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Nearly half of Android users vulnerable

September 4, 2013 • Opinion

Mobile devices and apps are undoubtedly essential to our personal and professional lives, offering us 24/7 access to essential information. It comes as no surprise then that the adoption of smartphones and tablets, which provide internet connectivity and myriad applications to help us run our daily lives, are growing at an exponential rate.

Anton Vukic, Sales Director at Phoenix Distribution (image: Phoenix)

Anton Vukic, Sales Director at Phoenix Distribution (image: Phoenix)

A recent Gartner report revealed that 1 billion smartphones will be sold in 2013, a steep increase from the 675 million units sold the previous year. The IDC says it expects tablet shipments to take over the entire PC market by 2015.

Our increasing dependence on these devices has made them an completely irresistible targets for cyber crooks. Android, due to its growing popularity is proving to be the most popular platform.

A recent study by F-Secure, showed that a whopping 79% of malware in 2012, was written for the Android platform. Further research has indicated that nearly half of Android users are vulnerable to attacks. This was revealed in a report that was a combined effort from the US Department of Homeland security and the FBI.

The report revealed that users running outdated versions of the Android OS, namely versions 2.3.3 to 2.3.7, otherwise known as Gingerbread, are in danger from Trojans, Rootkits and fake Google Play domains.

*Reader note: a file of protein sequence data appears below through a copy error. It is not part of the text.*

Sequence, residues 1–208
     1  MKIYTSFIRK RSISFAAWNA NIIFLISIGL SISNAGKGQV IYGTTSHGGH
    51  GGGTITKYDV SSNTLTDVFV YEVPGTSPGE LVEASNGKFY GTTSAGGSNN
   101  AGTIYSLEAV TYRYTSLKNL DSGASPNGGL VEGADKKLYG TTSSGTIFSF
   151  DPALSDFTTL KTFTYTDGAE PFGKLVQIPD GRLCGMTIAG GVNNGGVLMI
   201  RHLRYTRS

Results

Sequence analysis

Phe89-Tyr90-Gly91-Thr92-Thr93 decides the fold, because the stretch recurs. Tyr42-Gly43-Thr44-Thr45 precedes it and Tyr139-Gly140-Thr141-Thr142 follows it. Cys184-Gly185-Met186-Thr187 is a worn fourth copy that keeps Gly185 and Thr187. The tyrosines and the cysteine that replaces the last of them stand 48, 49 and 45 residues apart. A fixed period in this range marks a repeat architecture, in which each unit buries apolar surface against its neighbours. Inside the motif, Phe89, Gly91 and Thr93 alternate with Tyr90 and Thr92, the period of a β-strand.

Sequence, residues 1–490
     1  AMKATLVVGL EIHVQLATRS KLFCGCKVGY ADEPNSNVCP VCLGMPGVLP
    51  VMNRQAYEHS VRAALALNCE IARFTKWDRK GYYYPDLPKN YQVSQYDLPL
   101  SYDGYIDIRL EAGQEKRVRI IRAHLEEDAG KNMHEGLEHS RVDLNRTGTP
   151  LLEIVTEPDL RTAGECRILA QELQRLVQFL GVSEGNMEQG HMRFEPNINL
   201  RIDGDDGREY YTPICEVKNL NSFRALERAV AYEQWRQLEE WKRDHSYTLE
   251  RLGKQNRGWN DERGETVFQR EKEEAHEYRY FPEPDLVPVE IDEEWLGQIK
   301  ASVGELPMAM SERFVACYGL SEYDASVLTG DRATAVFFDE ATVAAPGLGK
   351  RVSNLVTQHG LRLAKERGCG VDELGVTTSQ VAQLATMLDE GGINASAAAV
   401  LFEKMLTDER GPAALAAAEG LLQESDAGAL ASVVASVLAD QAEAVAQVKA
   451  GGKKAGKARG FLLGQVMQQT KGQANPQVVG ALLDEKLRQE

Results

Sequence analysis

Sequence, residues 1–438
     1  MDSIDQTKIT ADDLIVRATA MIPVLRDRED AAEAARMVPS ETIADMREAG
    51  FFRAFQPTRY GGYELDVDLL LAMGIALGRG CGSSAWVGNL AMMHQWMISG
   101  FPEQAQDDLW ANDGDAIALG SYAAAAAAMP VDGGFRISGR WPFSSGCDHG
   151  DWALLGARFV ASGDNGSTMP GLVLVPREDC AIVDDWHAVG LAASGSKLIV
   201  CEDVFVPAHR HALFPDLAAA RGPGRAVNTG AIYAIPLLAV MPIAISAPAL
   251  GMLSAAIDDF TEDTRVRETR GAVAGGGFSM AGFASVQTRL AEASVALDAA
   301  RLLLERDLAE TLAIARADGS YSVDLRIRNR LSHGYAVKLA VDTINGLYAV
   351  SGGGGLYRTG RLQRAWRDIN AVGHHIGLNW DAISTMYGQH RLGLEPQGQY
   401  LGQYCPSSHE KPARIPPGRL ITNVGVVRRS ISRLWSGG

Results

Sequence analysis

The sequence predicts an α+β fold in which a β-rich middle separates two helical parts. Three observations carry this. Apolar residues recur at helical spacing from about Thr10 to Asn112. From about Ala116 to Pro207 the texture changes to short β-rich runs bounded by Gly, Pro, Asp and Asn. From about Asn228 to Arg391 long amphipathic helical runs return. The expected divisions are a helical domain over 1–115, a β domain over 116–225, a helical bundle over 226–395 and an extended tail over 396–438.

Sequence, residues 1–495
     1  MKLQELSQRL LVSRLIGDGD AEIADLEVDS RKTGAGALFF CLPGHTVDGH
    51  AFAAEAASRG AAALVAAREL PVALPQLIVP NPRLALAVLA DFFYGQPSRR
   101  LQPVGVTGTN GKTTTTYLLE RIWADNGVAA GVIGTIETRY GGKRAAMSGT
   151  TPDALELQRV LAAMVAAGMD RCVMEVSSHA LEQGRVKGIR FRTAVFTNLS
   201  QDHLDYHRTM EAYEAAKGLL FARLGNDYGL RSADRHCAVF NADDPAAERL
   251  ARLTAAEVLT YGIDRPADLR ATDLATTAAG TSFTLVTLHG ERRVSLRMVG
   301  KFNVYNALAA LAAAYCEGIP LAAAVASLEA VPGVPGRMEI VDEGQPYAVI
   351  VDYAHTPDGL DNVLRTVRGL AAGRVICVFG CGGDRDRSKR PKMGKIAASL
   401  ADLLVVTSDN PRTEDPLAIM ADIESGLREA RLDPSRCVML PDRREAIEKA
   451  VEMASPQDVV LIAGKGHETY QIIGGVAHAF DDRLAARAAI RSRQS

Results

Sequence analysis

SMS/text message Trojans work by sending text messages from the infected device to premium-rate numbers that are without the user’s knowledge. The user then unwittingly racks up enormous phone bills.

Rootkits are a type of malware that stealthily modify operating system code and data to achieve malicious goals. They can record the device owner’s locations, keystrokes and passwords without them knowing.

Finally, fake Google Play domains are designed by cyber crooks to trick users into installing malicious applications onto their devices. Once installed, the crooks can exfiltrate sensitive information from the device, such as financial data and log-in details.

When it comes to cyber crime, that includes viruses, worms, identity theft and the theft of banking or credit card data, a smartphone and tablet is as vulnerable as a PC. Moreover, these devices are far easier to lose and are easy prey for thieves, resulting in an increased risk of personal data falling into the wrong hands.

Having a good Internet security product on your smartphone is absolutely essential.  The solution should provide anti-theft and anti-virus protection, with a minimal impact on the device’s performance.

Anton Vukic, Sales Director at Phoenix Distribution

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